Sylvain and Mark begin by discussing two big developments in the grocery industry. One is Amazon’s launch of “pay-by-palm” technology at Whole Foods.
The other is the entry into the market of what Mark calls “pure eGrocery” companies — online companies that sell food direct to consumer. The pair look at the example of Misfits Market, which recently raised $200 million in series C funding, speculating on the implications for other industry players as well as how the valuations are derived.
To shed some light on the issue of valuations is this week’s guest: Dan McCarthy from Emory University, whose research interests include customer lifetime value and marketing finance. Dan has popularized a valuation methodology known as “customer-based corporate valuations,” or CBCV.
What is CBCV? In Dan McCarthy’s own words:
“It's really helpful to know what total revenue is, but it’s even more helpful and more diagnostic to be able to break it down into all of the underlying customer behaviors that brought that revenue about. Customers being acquired, staying with the firm, placing orders, having some spend associated with the order and then having that spend flow through into variable profits.”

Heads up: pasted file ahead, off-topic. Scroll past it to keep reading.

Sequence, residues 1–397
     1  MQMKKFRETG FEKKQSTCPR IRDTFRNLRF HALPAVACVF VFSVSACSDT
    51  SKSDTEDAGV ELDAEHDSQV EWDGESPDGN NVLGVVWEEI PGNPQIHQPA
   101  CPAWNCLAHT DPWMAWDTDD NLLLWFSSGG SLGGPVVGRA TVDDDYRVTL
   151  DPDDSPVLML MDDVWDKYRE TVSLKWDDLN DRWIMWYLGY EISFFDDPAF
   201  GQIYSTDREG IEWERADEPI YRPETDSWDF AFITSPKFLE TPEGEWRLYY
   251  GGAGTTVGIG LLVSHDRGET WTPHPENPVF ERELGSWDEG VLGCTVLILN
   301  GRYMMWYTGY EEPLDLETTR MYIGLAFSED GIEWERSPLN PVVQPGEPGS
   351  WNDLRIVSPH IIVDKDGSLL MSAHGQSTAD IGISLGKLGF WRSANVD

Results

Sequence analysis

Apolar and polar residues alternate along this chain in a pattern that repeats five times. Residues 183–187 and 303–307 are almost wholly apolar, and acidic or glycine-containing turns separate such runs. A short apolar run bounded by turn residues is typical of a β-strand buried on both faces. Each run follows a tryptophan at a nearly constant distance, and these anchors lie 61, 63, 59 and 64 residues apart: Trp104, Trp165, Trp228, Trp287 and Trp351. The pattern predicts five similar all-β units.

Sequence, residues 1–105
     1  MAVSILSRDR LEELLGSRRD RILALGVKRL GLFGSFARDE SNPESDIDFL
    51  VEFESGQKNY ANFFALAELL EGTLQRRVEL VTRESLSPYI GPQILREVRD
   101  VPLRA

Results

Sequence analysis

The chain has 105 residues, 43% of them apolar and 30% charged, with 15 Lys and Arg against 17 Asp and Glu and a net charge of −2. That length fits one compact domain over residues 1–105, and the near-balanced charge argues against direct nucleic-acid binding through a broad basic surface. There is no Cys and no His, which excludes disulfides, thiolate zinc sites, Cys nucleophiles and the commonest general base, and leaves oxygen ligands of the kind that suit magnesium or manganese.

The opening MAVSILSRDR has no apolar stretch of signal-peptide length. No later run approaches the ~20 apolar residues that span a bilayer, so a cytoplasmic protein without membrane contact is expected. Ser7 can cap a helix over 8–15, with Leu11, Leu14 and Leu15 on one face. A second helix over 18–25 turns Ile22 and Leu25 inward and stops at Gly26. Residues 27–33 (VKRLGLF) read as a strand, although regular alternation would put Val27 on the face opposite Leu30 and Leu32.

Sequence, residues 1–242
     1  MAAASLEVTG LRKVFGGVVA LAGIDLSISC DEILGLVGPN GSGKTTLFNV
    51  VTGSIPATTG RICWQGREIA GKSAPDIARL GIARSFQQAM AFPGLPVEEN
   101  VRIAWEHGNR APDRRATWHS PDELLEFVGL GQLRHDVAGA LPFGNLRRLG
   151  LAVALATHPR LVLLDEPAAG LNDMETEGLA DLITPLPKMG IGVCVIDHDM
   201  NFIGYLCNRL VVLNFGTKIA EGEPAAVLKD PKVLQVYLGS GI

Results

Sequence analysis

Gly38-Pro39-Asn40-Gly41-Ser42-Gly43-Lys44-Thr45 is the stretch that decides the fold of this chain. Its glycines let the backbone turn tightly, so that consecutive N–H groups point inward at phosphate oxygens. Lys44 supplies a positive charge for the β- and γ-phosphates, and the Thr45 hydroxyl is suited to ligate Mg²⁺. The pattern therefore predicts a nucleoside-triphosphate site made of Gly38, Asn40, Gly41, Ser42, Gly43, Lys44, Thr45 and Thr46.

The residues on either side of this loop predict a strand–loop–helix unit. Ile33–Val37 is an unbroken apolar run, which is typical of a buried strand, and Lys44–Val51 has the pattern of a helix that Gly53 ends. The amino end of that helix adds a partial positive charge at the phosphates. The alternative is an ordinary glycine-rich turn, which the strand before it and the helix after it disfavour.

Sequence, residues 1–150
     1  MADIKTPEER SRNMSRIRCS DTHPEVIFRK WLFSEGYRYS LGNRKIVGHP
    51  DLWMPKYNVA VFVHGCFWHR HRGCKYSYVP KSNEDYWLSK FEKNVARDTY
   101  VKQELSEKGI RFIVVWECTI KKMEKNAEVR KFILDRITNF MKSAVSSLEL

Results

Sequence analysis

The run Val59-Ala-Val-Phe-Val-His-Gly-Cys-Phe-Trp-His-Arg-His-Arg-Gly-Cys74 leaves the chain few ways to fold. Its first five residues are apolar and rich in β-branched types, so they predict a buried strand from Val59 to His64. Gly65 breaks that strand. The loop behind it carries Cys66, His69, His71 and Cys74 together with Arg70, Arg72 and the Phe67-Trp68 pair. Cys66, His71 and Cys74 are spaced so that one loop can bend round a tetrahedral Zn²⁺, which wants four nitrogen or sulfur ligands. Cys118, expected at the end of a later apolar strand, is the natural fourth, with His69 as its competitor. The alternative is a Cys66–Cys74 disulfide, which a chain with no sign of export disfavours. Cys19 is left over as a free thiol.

Dan’s research suggests that by assessing revenue durability this approach can uncover value that’s not always evident from traditional financials — or conversely, identify overvaluation. To illustrate how this plays out, he compares two online marketplaces, luxury goods retailer Fartech and ridesharing company Lyft.
Dan McCarthy also notes that this approach is starting to gain traction, with more analysts and including customer disclosures in some form in their reports. Sylvain wonders whether there are barriers to using this model. Dan replies that data availability is a potential barrier for grocers.
The conversation then turns back to those food retailers with very large valuations. Sylvain asks what’s driving these valuations. Dan McCarthy says it’s in part a function of the nature of grocery:
“The market size that we're talking about here is going to be tremendous because we are talking about people buying food and obviously people spend not only a lot of money on food, but it's also a very regular purchase.”
When customer lifetime value is large, and the model scales well, these companies can use the concept of network effects to sell their story, and a virtuous cycle sets in.
Discover how regional grocers can use CBCV, even if they don’t have full customer data, by tuning into the podcast.
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